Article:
NVIDIA nForce 780a in Detail

NVIDIA's nForce 780a

NVIDIA has been one of the biggest players for AMD back when Socket A was in its infancy. NVIDIA started its nForce series chipsets off by making platform solutions for AMD, and it's good to see NVIDIA making more headway here.

nForce 780a is based around a two chip design, but in all honesty it could have been done in a single setup. However, for some reason beyond our comprehension, NVIDIA decided to do things the hard way, and quite honestly, the wrong way. The two components to the 780a is a single chip 780a GMCP and an nForce 200 PCI Express 2.0 controller hub. The 780a GMCP is designed with Hyper Transport 3.0 interface to the CPU, allowing Phenom customers to get the full benefits associated with HT3.

One of the most interesting things about this is NVIDIA has put a GPU on the 780a, that's right, it has an integrated GPU for if you're not going to use a dedicated graphics card. But really, if you're going to get this chipset, chances are you're going an SLI setup, leaving the onboard GPU useless. If you are only going to use one graphics card, Hybrid SLI is also possible with this setup with certain graphics cards. While Hybrid SLI has its place in the more value positioned PCs, it really has no place in the enthusiast level PC environment.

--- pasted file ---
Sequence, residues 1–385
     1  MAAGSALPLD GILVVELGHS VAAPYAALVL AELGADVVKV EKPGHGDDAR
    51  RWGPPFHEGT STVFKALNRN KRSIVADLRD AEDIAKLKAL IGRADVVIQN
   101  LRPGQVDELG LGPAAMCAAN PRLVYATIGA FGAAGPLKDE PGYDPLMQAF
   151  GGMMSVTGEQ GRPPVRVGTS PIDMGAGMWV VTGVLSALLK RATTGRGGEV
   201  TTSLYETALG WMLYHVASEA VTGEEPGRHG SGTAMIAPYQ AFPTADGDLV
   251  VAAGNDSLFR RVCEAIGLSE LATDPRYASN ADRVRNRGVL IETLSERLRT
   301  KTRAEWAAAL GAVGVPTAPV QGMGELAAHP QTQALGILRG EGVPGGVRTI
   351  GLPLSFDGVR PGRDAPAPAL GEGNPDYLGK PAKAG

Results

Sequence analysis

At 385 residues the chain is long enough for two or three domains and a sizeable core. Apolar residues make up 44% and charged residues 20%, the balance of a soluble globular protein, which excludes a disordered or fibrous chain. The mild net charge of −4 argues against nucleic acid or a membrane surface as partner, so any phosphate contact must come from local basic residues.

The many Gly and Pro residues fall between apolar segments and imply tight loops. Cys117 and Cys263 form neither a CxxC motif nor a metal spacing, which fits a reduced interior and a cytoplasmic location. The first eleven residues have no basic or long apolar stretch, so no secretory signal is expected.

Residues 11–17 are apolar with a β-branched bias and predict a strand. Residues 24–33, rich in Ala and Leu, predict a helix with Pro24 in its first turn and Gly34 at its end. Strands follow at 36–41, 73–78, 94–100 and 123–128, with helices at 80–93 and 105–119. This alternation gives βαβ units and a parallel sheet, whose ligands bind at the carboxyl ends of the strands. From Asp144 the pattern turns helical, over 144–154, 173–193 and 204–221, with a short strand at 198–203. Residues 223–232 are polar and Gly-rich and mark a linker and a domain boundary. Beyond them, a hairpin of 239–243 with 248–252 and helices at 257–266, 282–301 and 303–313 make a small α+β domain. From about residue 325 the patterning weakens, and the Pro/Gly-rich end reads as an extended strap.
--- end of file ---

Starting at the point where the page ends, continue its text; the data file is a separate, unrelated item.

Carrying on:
Hybrid SLI allows the integrated GPU on the chipset to work in conjunction with a discrete graphics card to boost the performance; however this does come at a price. Since the integrated GPU requires a frame buffer, it will steal up to 256MB of your system memory for this task, a big no-no among hardcore gamers. If you're going for a budget system, this will be fine, but for a high-end setup you are likely to see the integrated GPU going to waste.